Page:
Four group I introns were found in the nuclear small subunit ribosomal RNA genes (SSU rDNA) of the ballistoconidiogenous anamorphic yeast genus Bensingtonia. Two of them were found in B. ciliata, type species of the genus, with the length of 335nt and 341nt. The remaining two were found in B. yamatoana with lengths of 454nt and 457nt, respectively. The four introns were located at two different sites within the SSU rDNA. The first insertion site was the same position as group I introns found in the SSU rDNA of Dunaliella parva-5′, Dunaliella sauna, Protomycesinouyei-5′ and Ustilago maydis. The second insertion site was shared among group I introns found in the SSU rDNA of Chlorella ellipsoidea, Hildenbrandia rubra, Pneumocystis carinii and Protomyces inouyei-3′. The putative secondary structures of the introns resembled those of subgroup IC1. Principal coordinate analysis of core regions of 15 group I introns found in SSU rDNA of eukaryotes showed that the sequence of B. ciliata- 5′ intron resembled that of the B. yamatoana-5′ intron, and the sequence of the B. yamatoana-3′ intron resembled that of the Protomyces inouyei-5′ intron. Bensingtonia ciliata-3′ intron had relatively different sequences compared to other group I introns examined. Group I introns in the nuclear SSU rDNA of red and green algae, ascomycetes and basidiomycetes, examined in this study, were scattered on the principal coordinate analysis.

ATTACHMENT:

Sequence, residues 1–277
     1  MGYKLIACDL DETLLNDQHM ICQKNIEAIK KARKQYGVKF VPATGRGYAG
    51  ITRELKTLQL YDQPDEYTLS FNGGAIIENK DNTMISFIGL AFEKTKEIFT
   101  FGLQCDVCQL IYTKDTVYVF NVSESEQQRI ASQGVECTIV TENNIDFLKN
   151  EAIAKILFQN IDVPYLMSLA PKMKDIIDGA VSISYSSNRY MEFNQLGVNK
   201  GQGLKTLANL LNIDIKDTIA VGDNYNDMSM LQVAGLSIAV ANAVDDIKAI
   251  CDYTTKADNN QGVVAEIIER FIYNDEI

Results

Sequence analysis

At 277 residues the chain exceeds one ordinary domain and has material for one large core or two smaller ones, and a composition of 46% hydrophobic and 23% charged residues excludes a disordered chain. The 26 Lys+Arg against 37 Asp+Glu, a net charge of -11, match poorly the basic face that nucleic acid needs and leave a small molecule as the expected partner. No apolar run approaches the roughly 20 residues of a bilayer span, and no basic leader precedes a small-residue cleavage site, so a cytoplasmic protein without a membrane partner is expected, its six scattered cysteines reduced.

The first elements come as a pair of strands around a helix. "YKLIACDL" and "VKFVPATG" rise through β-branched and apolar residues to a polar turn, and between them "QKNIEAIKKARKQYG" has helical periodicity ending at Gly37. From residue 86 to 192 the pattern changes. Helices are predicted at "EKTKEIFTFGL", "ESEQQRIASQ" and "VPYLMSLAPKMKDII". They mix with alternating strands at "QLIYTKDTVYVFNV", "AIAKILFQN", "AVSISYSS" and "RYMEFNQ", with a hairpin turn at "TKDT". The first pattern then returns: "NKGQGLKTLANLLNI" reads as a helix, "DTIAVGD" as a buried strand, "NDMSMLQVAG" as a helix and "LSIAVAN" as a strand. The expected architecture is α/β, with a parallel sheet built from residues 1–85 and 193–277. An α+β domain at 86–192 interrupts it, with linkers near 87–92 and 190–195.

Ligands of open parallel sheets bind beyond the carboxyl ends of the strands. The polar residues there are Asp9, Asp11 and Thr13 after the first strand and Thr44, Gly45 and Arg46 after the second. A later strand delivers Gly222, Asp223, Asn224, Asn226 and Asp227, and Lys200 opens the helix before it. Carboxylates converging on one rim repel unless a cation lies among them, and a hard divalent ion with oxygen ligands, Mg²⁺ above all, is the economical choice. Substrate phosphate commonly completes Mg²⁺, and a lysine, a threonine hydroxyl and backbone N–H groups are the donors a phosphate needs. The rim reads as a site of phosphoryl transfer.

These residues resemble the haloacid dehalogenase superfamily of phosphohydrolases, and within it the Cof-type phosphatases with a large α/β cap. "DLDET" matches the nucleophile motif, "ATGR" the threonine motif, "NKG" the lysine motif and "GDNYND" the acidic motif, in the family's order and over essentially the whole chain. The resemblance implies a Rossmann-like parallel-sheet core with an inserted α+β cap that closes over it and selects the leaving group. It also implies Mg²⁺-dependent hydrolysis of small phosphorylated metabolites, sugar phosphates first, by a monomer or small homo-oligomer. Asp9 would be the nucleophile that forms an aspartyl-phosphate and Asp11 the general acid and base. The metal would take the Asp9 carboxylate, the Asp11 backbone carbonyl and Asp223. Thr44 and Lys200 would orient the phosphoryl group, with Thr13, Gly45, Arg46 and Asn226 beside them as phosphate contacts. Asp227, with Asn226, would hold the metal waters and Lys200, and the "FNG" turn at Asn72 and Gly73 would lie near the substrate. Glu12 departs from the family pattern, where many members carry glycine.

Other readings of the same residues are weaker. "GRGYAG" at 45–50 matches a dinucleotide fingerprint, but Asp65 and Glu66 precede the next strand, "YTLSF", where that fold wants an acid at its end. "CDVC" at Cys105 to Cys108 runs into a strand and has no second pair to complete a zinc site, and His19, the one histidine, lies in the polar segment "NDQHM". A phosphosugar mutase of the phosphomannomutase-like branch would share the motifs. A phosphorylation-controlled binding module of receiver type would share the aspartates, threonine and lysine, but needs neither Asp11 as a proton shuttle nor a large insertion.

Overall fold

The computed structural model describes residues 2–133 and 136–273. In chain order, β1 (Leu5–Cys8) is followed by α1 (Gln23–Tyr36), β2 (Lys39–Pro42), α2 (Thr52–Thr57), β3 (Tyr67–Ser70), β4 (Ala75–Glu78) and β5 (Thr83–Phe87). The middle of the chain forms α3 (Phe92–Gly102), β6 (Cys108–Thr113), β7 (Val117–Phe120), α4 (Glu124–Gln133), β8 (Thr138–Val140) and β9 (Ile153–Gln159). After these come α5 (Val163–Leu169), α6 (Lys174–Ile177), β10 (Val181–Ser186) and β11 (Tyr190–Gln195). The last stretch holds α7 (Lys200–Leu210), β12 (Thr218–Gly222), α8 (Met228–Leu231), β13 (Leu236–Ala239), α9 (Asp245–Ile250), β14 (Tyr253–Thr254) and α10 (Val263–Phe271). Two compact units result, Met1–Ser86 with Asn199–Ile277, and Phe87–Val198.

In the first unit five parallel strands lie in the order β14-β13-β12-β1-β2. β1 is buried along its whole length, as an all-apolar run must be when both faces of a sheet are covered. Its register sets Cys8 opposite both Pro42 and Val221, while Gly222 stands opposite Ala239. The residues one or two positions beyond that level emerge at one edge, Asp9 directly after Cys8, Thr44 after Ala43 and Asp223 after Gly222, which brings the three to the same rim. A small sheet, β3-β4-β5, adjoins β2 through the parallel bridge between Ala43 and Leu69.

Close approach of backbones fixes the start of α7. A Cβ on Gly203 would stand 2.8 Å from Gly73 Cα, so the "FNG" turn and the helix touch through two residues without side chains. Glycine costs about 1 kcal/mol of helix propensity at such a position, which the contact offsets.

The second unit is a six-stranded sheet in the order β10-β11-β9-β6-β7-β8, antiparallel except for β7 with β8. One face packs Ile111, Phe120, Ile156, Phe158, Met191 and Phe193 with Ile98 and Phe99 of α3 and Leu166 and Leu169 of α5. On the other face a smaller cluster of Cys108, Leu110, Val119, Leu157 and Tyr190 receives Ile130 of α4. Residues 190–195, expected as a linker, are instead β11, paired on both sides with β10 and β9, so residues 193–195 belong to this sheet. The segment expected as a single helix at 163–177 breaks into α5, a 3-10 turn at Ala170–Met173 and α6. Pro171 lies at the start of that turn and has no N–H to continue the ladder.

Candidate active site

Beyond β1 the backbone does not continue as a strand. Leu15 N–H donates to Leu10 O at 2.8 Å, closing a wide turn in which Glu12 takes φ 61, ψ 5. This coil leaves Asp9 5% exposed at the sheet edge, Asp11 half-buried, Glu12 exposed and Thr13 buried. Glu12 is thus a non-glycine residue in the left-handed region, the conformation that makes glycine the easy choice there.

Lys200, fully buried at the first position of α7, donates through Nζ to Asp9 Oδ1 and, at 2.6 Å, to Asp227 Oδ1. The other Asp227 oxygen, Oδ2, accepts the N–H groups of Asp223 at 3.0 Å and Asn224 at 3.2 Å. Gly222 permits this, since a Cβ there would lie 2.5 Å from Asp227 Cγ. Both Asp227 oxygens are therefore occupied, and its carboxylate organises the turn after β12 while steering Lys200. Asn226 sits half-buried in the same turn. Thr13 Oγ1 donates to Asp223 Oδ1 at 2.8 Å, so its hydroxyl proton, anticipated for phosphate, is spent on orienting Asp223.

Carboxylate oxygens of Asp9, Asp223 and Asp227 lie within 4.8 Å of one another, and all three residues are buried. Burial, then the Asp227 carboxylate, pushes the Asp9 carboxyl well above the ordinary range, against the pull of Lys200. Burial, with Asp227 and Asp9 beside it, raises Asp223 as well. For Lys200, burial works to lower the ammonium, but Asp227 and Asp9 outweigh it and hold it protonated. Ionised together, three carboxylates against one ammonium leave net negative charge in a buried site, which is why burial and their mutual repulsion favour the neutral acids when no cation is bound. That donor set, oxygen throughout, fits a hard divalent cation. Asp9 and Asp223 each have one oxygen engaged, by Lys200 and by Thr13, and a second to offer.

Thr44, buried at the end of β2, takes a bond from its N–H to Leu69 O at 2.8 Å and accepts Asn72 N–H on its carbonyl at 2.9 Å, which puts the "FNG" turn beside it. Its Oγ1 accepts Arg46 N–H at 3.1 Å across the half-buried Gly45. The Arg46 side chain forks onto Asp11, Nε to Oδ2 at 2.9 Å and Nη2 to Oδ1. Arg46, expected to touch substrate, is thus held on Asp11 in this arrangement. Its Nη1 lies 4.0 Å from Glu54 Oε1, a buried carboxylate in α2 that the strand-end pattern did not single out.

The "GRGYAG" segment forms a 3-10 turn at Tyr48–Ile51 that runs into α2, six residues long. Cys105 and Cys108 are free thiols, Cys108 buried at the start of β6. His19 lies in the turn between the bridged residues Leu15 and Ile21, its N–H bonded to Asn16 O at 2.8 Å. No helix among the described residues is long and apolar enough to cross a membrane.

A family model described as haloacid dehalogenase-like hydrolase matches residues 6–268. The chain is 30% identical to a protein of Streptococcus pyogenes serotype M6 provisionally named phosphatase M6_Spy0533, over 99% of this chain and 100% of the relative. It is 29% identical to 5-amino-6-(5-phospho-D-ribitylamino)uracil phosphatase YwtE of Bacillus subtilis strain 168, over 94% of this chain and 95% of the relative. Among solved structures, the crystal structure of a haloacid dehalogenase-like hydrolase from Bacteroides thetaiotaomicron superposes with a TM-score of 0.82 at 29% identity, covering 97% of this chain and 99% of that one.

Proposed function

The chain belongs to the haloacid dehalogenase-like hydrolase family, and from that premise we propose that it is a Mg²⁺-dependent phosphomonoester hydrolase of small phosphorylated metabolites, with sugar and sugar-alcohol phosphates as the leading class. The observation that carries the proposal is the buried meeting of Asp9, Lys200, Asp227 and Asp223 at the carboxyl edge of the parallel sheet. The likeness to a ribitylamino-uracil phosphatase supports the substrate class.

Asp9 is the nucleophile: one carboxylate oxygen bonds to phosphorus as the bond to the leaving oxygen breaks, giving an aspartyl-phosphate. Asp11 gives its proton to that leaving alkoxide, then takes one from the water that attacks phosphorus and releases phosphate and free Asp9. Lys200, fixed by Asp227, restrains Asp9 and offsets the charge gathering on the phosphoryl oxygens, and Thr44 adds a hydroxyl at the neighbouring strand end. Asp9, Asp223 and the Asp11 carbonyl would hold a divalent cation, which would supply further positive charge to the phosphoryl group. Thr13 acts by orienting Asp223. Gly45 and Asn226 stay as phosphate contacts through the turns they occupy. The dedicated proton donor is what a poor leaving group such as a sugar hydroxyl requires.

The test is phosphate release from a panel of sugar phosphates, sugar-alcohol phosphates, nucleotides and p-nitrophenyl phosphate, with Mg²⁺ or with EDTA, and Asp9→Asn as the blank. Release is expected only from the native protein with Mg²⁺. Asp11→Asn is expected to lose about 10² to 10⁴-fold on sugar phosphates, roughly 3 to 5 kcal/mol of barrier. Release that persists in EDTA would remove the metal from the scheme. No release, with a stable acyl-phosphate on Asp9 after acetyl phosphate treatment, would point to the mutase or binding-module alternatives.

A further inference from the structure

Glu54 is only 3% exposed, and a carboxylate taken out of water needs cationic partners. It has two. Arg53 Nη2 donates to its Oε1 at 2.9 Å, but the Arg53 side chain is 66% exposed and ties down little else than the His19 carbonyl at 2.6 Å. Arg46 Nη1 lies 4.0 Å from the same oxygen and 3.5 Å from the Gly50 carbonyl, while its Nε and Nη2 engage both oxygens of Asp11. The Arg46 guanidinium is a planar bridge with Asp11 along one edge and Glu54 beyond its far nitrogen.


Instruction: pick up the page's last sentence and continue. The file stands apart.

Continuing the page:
TThe accumulation of glycerol and inorganic ions were examined in a respiration-deficient (RD) mutant isolated from the salt-tolerant yeast Zygosaccharomyces rouxii for 3h after salt stress due to 1M NaCl. After the start of salt stress, intracellular levels of glycerol continued to increase for up to 3h, while the levels of Na+ and Cl- ions in cells reached maximum values within 1h and then decreased gradually. Increases in intracellular concentrations of solutes resulted in an osmotic pressure that was almost equivalent to the external osmotic pressure within 2h after salt stress. The RD strain had the same ability to tolerate salt as the wild-type strain. Therefore, we used the RD strain to examine the mechanism in the glycolytic pathway that is responsible for the promotion of glycerol synthesis that is induced by NaCl. When exposed to medium with 1M NaCl, RD cells diverted about one-sixteenth of the amount of ethanol that was produced in the medium without NaCl to the production of glycerol. This result suggests the presence of factors that mediate a change from the normal metabolism of glucose to the promotion of glycerol synthesis in response to external NaCl. The specific activities of glycerol-3-phosphate dehydrogenase (GPDH) in extracts of cells grown with and without 1M NaCl were very low in reaction mixtures with NADH or NADPH, although the cellular activity of alcohol dehydrogenase (ADH) was high and was repressed by external NaCl. This result indicates that the pathway involving GPDH makes only a small contribution to the synthesis of glycerol and that an alternative pathway functions for the synthesis in Z. rouxii. The addition of sodium sulfite, which binds to acetaldehyde, and of glycidol, an inhibitor of triosephosphate isomerase (TPI), to the medium promoted the synthesis of glycerol in RD strain. These results suggest the possibility that the extra NADH resulted from the binding of sulfite to acetaldehyde, or the inhibition of ADH and/or TPI under the NaCl-stressed condition lead to the promotion of glycerol synthesis by Z. rouxii.